Growing up, my parents were insistent that I take a multivitamin to stay healthy. In fact, they were always trying to get us kids to take some form of supplement. Apparently my parents weren’t alone. According to a 2010 survey about 73%
of Canadians take some form of vitamin health product. For many, vitamins have been a product purchased regularly and seen as health shield for all of the nasty diseases out there. After all, many say right on the box “complete nutrition,” or “for a healthy you.” Evidence continues to pile on that vitamin supplements are unnecessary and in some cases dangerous to your health. The vitamin industry began about 60 years ago and initially intended to support the nutritional levels of those who did not have access to fresh fruits, vegetables and whole grains. However in today’s society, the nutrition in our food is more than enough to keep our vitamin levels in check. Even breads, salts and junk foods are fortified with nutrients. Even though there is no clear link that vitamins lower risk for many ailments such as heart disease, diabetes, and cancer, people still buy into this billion dollar industry.
So why do we keep pumping our money into this billion dollar industry? Some experts believe it to be the product of recent fads and clever marketing strategy to create the illusion of a healthier you. Others blame fear and a lack of education. The best way to get your vitamins is the good old fashion way. Eating food! It is virtually impossible to overdose on the nutrients in food, unlike the risk in supplements such as calcium, folic acid, copper, and iron. Overdosing on these supplements can cause many issues, ranging from inflammation of the blood vessels and increase risk of prostate cancer to tissue damage and insomnia. Another issue to consider with vitamins is label misrepresentation. Studies performed on various vitamins show less than half the labels actually comprised of the ingredients listed. Some products contain fairly large amounts of lead and mercury, which can be extremely hazardous to your health. Even though vitamins may be useless to the average person, there are some people that could benefit from the nutrition they offer. Folic acid, while dangerous for some, has been proven to help prevent birth defects in women who are pregnant. Iron is a supplement that can be helpful to replace iron lost during monthly menstruation as well as for patient diagnosed with anemia. One of the biggest issues that we see in the medical community is a lack of vitamin D. Since most of our vitamin D comes from the sun, during the fall and winter seasons many Canadians lack the appropriate amounts, and may benefit from a supplement. A lack of vitamin D can be the source of seasonal mood disorders and is essential for healthy bones.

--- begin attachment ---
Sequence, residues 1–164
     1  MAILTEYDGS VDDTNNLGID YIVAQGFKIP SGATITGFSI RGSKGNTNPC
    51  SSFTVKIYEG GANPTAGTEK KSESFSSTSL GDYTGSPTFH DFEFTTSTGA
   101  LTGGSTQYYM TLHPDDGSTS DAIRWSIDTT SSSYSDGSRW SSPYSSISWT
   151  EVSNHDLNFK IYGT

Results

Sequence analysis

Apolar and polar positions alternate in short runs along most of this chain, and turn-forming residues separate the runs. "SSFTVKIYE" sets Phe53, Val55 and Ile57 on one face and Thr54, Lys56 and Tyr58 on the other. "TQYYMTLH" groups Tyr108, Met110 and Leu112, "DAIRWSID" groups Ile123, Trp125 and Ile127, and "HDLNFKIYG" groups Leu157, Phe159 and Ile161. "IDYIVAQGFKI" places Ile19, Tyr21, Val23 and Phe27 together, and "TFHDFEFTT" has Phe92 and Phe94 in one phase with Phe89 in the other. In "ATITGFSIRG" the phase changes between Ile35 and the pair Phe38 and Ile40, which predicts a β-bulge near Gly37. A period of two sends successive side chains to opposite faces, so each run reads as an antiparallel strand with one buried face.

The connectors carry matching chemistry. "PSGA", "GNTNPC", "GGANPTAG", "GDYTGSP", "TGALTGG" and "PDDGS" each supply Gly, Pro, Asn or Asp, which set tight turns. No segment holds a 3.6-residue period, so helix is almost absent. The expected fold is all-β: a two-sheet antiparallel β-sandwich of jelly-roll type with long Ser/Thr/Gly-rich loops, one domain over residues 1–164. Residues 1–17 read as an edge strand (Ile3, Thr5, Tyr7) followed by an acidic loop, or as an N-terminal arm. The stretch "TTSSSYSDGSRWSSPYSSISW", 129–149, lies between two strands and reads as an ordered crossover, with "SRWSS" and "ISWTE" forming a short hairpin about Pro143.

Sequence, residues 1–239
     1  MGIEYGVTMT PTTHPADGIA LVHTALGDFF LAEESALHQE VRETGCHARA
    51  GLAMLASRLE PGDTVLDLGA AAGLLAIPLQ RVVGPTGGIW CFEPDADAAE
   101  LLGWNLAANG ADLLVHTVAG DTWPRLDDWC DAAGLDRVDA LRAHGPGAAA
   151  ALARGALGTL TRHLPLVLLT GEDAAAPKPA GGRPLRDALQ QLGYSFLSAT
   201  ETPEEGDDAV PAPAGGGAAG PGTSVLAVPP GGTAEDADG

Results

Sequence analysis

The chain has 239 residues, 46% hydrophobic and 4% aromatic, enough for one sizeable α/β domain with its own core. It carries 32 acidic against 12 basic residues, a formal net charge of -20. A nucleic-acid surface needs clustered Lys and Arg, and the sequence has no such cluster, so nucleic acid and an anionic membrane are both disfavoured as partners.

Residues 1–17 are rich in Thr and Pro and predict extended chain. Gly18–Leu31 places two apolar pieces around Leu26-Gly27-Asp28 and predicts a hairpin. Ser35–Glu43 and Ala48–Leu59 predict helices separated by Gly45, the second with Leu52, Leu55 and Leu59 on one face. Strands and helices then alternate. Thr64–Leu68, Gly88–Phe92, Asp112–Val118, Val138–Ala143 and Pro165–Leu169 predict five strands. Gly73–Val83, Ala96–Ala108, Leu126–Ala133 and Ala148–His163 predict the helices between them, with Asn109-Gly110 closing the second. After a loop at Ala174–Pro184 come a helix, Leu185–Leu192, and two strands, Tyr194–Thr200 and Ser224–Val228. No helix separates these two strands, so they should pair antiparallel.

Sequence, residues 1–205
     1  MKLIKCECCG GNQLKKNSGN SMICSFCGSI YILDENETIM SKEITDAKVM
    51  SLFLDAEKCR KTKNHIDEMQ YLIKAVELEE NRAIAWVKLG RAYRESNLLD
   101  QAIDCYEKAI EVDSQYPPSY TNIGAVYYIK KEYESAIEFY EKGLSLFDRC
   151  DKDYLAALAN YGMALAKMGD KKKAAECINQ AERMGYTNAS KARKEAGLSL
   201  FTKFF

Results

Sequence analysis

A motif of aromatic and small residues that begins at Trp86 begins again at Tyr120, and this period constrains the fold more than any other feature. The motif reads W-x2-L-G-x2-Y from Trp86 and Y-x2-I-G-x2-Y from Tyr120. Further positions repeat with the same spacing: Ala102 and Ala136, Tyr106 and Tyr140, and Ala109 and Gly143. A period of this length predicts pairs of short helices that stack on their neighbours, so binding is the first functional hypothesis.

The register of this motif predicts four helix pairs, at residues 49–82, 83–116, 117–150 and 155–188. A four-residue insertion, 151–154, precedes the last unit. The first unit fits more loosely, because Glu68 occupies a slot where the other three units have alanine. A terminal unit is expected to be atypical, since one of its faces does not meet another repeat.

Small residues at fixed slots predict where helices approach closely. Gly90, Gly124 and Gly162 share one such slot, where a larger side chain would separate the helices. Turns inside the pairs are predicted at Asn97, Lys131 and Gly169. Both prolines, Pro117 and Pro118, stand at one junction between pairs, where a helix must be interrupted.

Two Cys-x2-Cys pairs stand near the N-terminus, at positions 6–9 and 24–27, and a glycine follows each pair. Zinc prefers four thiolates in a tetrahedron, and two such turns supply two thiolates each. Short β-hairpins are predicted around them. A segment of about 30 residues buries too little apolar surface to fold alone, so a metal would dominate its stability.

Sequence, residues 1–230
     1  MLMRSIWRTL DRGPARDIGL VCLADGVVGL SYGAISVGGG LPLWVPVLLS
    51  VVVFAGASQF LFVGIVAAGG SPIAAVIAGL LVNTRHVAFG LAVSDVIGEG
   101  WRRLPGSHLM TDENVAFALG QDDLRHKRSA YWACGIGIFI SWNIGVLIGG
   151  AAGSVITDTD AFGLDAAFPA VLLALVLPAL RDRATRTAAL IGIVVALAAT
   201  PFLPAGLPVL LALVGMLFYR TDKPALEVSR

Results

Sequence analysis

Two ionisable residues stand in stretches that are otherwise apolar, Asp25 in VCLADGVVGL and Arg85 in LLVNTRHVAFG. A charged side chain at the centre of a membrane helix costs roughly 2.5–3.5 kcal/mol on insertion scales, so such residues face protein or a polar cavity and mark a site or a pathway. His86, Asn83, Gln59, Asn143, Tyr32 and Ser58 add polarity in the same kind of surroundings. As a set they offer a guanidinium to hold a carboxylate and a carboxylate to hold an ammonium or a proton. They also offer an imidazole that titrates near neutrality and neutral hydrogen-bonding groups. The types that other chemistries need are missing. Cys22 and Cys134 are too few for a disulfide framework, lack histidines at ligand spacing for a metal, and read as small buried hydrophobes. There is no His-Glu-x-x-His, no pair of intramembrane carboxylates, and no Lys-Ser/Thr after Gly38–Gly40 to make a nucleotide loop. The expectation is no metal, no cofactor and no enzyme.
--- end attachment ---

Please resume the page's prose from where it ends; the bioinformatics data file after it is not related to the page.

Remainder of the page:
The bottom line is that most health experts agree that although multivitamins have their place, they are not a replacement for a well-balanced diet and should not be used without consulting your healthcare professional.